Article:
Thursday 13 March 2008

Name Change

Wed 5 March 2008:

Some visitors to this blog may have noticed a subtle name change.

When the project started on 1st January the provisional name I gave the project was: the St John's Methodist Church (Settle) Rainforest Fund Project. However this was a name that would have to be passed by the Church Council which normally meets twice a year. The 5th March was the date of the next church council meeting.

At the meeting they (a majority) said that they did not want it to be called The St John's Methodist Church (Settle) Rainforest Fund Project, but they said they would support the project. One lady said "You may be glad in the long run that we said this."

So now it is called The Rainforest Fund Project.

Thursday 6 March 2008

"E-peace", Biodiversity Conservation in the Dales and Leeds University Ecology Course

1st March 2008:

"E-peace believes that we should conserve and enhance the biodiversity and nature of the Yorkshire Dales for its own sake, and the government should support this. We should not have sustainable development."

This was the gist of part of the poster that a group of c. 10 Undergraduates had prepared about the hypothetical organisation E-peace as their contribution to the role play exercise in the 1st Year Field course run by Leeds University. We were meeting at Gargrave Village Hall. I am an active member of Craven Conservation Group Committee (our local natural history society/conservation group) and was there to be a "resource person".

Resource people for other groups included quarry person (executive?), A tourist, a farmer, a National Park worker etc.

Each group had about 45 minutes to pick the brains of their resource person.

So I told them a little about Craven Conservation Group and also eight other conservation organisations with which I or other members of the group have connections, and gave them some leaflets and photocopied articles. CCG has many activities including survey work, educational walks, conservation work such as scrub clearance on bogs, help with the local biodiversity action plan, and occasional protest/issue letters.

Helpful to me had been a visit to one of our members who does work for the Council for the Protection of Rural England. She and another member of CCG were featured in the local paper this week in a lively article about flowers on roadside verges.

I also gave them some Christian Ecology Link leaflets, and offered to get a Moslem leaflet should anyone want one.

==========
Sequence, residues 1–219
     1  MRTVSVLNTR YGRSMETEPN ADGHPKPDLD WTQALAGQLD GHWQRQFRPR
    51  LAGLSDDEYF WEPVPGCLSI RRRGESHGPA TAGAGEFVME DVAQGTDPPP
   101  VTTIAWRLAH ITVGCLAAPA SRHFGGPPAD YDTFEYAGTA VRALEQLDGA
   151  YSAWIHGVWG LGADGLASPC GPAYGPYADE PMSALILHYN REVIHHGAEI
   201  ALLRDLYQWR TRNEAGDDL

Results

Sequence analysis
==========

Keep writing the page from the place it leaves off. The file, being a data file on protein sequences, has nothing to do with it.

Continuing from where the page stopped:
They asked me "Why should we protect the nature of the Dales before anything else?, and not have sustainable development?"..

Their question was refreshing - We are getting so used in the Dales and other organisations to have to "sell" wildlife and show it is useful.

This put me on the spot. There are so many if, buts, provisos etc -

1. Which bits do you save? - there are some areas of high importance in the Dales, and some that have been so "improved" by agriculture that I would not have thought it was worth spending money on them... Was it their remit to save/improve everything? It would be better using the resources e.g. for tropical rainforest or countries with higher biodiversity.

2. Which rare plants and habitats of the Dales to mention? This group were just starting their degrees and mostly are not naturalists, several of them had not visited the Dales yet and this is the first day of their field course.. I told them about two rare plants (which I won't put on this blog,) and then told them about the Northern Marsh Orchid which is a beautiful plant which grows where water oozes out of limestone soil. I told them that half the limestone pavement (a habitat of international importance) in Britain occurs in North Yorkshire, and said we still had a few valuable lowland bogs and fens.

3. There are extremely few species and habitats which only occur in Britain. 15,000 or so years ago the North of England under ice. The species that grow here now have all spread back in.

"So" I thought, "Shouldn't we really be using our limited resources for protecting habitats with more biodiversity importance than the Dales - such as mangrove swamps, tropical forests, coral reefs, even our own sea bed floor."

4. We have to protect our "Nature" places for their own sake, and because if we don't look after our places of conservation importance, how can we expect people in other countries to look after theirs, which in many cases are so much more valuable than ours?